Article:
What Should I Say?
What Should I Say? The Right (and Wrong!) Words and Deeds for Life's Sticky, Tricky, Uncomfortable Situations is a wonderful resource for those needing guidance on being there for friends and loved ones going through life-changing experiences. Shelly Burke has packed wisdom, compassion, and comfort into the pages of this invaluable book.
—Carmen Leal, author of The Twenty-Third Psalm for Caregivers and The Twenty-Third Psalm for Those Who Grieve
“Finally! Someone who has been willing to acknowledge those of us who do not fit into the ‘norm’ of society. We are the childless and infertile of the world who wanted to have children, but could not. Thank you, Shelly, for including scenarios of our misunderstood life’s situations in your book!”
—Diane Black, Co-founder www.childlessnotbychoice.com
What can you say when a loved one of somebody you know dies suddenly and unexpectedly? This book will give you the words and wisdom for what to say and do when nothing you can think of seems right. Shelly has tackled the toughest circumstances we know, and come up with wonderful words to help you get through the awful, awkward silence that stretches before you when confronted with difficult circumstances.
Her insight and compassion show through on every page.
If you’ve ever found yourself tongue-tied--or with your foot in your mouth all the way up to your knee--this is the book for you. Maybe there is no ‘right’ thing to say--but this book will help you from saying the wrong things and making the situation worse.
—Joy Dannelly, RN
Shelly Burke has done it again, this time with her insightful wisdom aimed at conveying diplomacy and discretion when you find yourself fumbling for what to say. In a book that you’ll reference again, Shelly’s sensibility shines through, just as it did in Home is Where the Mom Is.
You’ll want this unique reference at your fingertips when you’re at a loss for words, because Shelly’s perceptive and sincere advice will serve you well. This book tackles life’s ticklish problems in a way no other book has. It picks up where Miss Manners leaves off, by addressing the words to convey a tactful message and counters with what not to say as well.
—Beth Burke, unrelated freelance editor
In a world where it’s easy to remain insulated in our cars, our homes, within our own choice of music and thoughts, day-to-day verbal interaction with others – particularly in times of stress or crisis – is more important than ever. Alas, it’s at those very times when most of us “choke” on our thoughts or fall short on courage to engage others in a meaningful, helpful way.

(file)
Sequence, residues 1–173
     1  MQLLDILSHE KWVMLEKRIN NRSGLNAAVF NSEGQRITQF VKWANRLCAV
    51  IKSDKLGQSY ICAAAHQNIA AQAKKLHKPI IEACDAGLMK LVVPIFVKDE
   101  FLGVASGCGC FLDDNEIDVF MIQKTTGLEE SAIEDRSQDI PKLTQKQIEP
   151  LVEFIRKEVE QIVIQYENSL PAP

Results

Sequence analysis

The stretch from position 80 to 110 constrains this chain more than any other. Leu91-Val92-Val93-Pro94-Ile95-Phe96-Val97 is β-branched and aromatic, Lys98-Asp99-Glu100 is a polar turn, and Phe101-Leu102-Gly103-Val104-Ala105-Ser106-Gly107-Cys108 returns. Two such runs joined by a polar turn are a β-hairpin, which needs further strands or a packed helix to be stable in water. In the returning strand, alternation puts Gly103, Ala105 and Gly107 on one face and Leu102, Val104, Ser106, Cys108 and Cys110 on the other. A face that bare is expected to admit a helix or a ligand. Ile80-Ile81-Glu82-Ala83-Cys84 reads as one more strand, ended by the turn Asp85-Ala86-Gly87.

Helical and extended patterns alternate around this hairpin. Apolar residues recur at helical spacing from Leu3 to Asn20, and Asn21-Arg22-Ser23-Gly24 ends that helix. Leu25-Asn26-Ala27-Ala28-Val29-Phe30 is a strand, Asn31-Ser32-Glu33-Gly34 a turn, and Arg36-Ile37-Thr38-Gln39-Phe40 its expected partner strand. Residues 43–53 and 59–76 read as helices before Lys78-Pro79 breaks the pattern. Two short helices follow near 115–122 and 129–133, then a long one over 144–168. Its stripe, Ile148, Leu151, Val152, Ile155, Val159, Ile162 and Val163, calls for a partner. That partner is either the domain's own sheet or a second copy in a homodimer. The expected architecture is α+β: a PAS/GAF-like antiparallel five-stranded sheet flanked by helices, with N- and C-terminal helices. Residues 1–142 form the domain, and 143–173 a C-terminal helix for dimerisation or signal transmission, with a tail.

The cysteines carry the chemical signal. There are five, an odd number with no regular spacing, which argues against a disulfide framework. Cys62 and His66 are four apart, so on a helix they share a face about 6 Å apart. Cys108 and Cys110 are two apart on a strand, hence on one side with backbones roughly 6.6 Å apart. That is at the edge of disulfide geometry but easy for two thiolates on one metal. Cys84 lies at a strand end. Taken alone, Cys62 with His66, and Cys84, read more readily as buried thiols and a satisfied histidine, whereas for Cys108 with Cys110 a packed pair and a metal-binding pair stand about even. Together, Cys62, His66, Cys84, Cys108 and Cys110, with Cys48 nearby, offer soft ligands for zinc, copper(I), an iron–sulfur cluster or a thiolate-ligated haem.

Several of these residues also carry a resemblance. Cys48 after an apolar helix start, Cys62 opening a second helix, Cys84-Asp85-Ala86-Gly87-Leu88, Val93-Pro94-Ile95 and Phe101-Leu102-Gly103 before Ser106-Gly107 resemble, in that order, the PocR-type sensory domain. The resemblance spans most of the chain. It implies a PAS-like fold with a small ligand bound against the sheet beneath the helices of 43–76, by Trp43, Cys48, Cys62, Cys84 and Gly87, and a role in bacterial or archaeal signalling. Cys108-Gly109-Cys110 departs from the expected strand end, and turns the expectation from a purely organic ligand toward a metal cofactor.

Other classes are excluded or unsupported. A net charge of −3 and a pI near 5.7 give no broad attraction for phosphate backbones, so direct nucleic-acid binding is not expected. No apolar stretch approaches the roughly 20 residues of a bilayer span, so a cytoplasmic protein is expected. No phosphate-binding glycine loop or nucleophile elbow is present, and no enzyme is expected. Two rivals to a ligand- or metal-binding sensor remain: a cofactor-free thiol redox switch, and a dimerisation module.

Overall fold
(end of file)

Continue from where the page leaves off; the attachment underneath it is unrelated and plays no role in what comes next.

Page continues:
Burke’s chapter on Encouraging Words, forged from experience, observation and prayerful consideration is a common-sense approach to what I fear is becoming a lost art – investing one’s self in the lives of others. This chapter is a very appropriate “how to” launching point for one wishing to be a friend in times of joy, sorrow and dilemma. If the Biblical Book of Proverbs needed a checklist on caring communications, Shelly Burke has provided it.
—Dan M. Crummett, Editor, Rural Life Magazine www.rurallifemagazine.com
Words and actions have the power to heal or hurt. This well-organized and much-needed guide will give you ideas of how to respond to the difficult situations and people in your life. Learn what to say and do as well as what not to say and do!
—Sue Johnson, author Grandloving: Making Memories with Your Grandchildren, www.grandloving.com
We all have experienced those awkward predicaments of life. Someone is standing in front of us, an emotional wreck..... awaiting our response. Our minds are racing, our palms are sweating. We open our mouths to speak and realize we have no idea what to say! Finally, a guide through life's most awkward and uncomfortable moments. Shelly gives practical advise how to confront your fears, head on, through Christ's compassionate love.
—Martha Whited, RN
“What Should I Say?” is a priceless guide for anyone involved in the life of a child with a disability. This highly informative book offers plenty of advice on how best to talk to a disabled or seriously ill child, or the parent of that child, with compassion and understanding. This is an important book for the general public, as well as those who love, live with and care for a disabled child or teenager. Burke should be commended for bringing a sensitive subject to the forefront of public awareness.
—Marie D. Jones, Author and mom of a child with cerebral palsy
'What Should I Say?' should be on the bookshelf of everyone who has ever been at a loss for words. With this book, you'll never worry about facing a difficult person, or uncomfortable situation again—you'll know exactly what to say and do, and just as importantly, what not to say or do, to make your point. I could have avoided many uncomfortable silences if I'd known what to say to difficult people we all deal with at one time or another. "